I managed to get a cheap “for parts” oscilloscope that arrived with a dark screen, damaged CH1 BNC connector and broken ground terminal. One knob was missing and the floppy drive did not work. The encoders where hard to use, very erratic. You turned them fast and nothing moved and you turned them slowly and the value jumped to infinity. Very dirty outside, and incredibly dirty inside.
I badly wanted this four-channel oscilloscope mainly because you can choose the color of the traces (something that can’t be done on most modern scopes). I had to hack my modern scope so I could tell one trace (yellow) from the other (green). Well, anyhow, this is what I did to put this scope back in service again.
The floppy drive
The floppy drive simply suffered from a stretched belt, so it was just a matter of getting the right replacement. Someone in eBay was selling a genuine replacement for the drive and I was lucky to get it. Simple as being at the right place at the right time…
The LCD backlight
This one I knew was going to be easy. The Sharp LQ084V1DG21 is found in many instruments of the era and it is well known for developing backlight problems. The CCFL tube ages and, even before that happens, the reflective thin paper that surrounds the tube can turn black and warped, preventing the light from reaching the difuser, which darkens the screen. I have a dedicated article on converting to LED backlight the Sharp LCD module. You might want to take a look at that.
The original driver has a ENABLE pin that keeps the LCD dark until the CPU actually initializes it, to prevent the screen from appearing completely white during a few seconds on power-up. I haven’t worried about this in the past but this time I wanted to take care of it. I measured the delay from power-on to the backlight enable signal. I measured the delay (note that upgrading the firmware to the latest one that displays “WaveRunner” at boot reduces the boot time and the delay… yes I had to reprogram the PIC grrrrr) from power-on until it went low:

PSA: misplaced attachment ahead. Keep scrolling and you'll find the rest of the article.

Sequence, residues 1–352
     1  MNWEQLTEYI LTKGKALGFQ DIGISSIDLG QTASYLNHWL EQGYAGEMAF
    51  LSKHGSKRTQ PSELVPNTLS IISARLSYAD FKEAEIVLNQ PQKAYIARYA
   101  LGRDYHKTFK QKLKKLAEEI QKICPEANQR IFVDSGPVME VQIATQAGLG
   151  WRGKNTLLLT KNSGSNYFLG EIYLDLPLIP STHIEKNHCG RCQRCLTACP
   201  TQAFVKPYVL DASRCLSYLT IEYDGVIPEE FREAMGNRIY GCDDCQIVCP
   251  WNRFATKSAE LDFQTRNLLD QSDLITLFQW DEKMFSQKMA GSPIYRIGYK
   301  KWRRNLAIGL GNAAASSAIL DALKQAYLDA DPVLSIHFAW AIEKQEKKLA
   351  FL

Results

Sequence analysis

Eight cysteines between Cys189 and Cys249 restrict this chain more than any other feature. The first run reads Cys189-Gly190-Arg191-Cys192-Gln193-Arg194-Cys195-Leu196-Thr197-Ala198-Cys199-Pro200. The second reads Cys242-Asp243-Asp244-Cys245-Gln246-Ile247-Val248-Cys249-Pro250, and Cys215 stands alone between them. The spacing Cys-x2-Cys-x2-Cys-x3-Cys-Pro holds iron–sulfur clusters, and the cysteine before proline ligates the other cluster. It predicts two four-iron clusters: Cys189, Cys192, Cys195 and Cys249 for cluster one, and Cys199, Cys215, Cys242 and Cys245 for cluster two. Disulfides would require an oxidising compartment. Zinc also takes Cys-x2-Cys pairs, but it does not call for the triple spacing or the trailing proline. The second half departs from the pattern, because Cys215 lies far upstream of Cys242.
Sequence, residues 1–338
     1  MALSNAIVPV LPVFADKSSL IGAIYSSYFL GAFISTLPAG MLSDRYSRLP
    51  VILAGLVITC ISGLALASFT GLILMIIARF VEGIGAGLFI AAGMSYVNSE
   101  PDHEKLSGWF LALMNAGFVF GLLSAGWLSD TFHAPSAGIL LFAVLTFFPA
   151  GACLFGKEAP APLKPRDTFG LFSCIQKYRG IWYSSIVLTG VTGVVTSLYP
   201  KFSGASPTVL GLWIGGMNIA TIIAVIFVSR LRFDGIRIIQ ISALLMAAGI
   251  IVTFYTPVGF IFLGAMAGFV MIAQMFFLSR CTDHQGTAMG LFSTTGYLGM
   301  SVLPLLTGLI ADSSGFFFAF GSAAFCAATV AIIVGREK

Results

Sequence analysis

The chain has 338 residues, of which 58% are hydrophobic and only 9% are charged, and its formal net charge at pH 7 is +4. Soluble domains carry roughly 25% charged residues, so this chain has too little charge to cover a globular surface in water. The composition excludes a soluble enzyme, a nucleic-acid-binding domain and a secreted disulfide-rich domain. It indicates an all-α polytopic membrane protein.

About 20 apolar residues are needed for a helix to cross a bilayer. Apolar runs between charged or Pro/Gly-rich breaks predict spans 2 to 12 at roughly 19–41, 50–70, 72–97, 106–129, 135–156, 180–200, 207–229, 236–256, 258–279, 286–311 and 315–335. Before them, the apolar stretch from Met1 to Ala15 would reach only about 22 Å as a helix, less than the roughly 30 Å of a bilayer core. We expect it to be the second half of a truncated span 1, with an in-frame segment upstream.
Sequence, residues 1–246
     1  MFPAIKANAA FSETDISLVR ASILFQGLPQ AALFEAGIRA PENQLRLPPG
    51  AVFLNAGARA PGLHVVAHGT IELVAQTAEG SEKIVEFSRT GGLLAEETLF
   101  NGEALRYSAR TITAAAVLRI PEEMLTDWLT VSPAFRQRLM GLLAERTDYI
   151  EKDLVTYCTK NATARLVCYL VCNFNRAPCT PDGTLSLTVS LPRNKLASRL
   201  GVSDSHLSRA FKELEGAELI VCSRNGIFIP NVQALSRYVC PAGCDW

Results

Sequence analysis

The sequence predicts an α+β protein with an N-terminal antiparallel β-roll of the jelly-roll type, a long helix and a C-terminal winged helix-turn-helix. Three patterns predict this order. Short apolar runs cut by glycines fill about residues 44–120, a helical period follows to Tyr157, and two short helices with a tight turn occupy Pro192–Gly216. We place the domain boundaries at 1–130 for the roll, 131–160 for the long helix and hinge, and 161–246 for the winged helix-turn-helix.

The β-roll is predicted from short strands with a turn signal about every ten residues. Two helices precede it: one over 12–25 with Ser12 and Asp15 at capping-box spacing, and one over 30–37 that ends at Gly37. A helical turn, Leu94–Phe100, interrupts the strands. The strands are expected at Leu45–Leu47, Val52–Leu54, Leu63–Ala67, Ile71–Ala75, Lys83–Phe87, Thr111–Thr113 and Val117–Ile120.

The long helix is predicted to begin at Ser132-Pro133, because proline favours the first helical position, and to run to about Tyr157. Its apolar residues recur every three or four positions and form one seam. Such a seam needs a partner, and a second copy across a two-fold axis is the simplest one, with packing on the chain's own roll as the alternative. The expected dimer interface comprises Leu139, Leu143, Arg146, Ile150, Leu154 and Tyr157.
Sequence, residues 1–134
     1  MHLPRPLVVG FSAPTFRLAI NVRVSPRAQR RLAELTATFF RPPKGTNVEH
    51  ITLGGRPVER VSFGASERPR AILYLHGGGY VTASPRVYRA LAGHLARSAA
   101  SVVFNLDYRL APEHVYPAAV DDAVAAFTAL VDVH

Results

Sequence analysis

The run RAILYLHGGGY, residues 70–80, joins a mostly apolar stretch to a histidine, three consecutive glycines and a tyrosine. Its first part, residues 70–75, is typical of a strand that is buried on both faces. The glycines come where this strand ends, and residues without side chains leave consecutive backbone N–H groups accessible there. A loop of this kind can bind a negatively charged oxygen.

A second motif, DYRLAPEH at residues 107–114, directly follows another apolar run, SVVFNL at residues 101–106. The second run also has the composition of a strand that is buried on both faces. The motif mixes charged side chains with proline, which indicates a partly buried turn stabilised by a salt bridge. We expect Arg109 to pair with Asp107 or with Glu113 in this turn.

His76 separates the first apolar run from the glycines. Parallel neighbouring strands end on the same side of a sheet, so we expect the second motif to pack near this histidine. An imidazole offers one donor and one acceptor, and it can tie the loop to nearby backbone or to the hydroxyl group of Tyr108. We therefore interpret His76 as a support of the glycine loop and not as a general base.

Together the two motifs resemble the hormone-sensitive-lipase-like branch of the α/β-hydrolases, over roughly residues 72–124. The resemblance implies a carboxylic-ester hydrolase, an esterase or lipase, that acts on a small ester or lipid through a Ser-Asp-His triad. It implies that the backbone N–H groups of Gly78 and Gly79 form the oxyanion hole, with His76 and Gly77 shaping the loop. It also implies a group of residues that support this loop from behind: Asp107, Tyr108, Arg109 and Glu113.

Can you see the color difference between the two traces? I can’t, and that is why I had to hack that scope.
Agilent DSO-X oscilloscope colorblind hack (click on picture to follow)
I built a small PCB with the regulator, a 2n7000 to cut the current and a tiny PIC microcontroller for the delay so I could about routing the enable signal to my circuit (oh, and because I love little PICs):
I re-used the original connectors. You can see the PIC wired to the PicKit2 programmer here:
The PCB fits on the position of the original driver, you only need to wire it to 12V (I wired the LED strips in series this time) and the ENABLE signal:
There is great information about this scopes in the LeCroyOwnersGroup@groups.io forum, including a nice guide with part numbers for the encoders. I suspected they actually did not replacement, but just a bit of maintenance. And I was right. Once cleaned they work perfectly fine. They might not last like this as long as new ones but I won’t probably get to that point anyway. By the way, the complete service manual, including schematics is available freely on the web, it’s easy to find.
The good news for you if you are trying to clean the encoders is that you don’t need to remove them from the PCB because they are opened from the shaft’s side. You do need to desolder a two-row pin header to remove the PCB that covers them though:
Once you gain access to the top side of the encoders, use a flat screwdriver to free from the tabs the part that holds the shaft.
I found the track to be actually clean, the problem was a deposit on the surface of the wipers, right where they slide on the surface of the contacts. It may look big on the picture, but you will need a steady hand and a decent microscope/lens if you don’t want to smash them. Carefully remove the deposit with a sharp tip:
After cleaning the wipers, I carefully forced them into a higher position so they have a bit more pressure on the contacts. This is a good moment to move a bit of the grease that you’ll find over the length of the wiper to the tip that you previously cleaned:
The BNC connector
As explained by the seller, the CH1 BNC connector had suffered a big impact and it was damaged to the point that it was impossible to insert a male BNC connector into it. I knew it was going to be hard to find a replacement, so I replaced it with the one from the EXT trigger port, which was not as important for me. After a long unsuccessful search for that strange Hirose connector, I found that Lecroy used the same connectors in oscilloscope adaptors of that era so I bought a cheap one:
I cleaned the pads for the EXT trigger BNC connector and soldered the replacement one there:
The ground post had suffered a crash and was out of aligment so I removed it and flattened the metal plate:
The fan was noisy and old so I replaced it with a very silent Noctua PC fan that provides more than enough airflow:
The missing knob
I could make a similar one with the 3D printer, but I still hope to find a genuine replacement for this now as-new looking oscilloscope that it is still a workhorse:
A colorblind’s dream
This is why I like this scope. Four channels with the colors you want, with the colors you can actually see:
I managed to get one knob so now the scope is complete !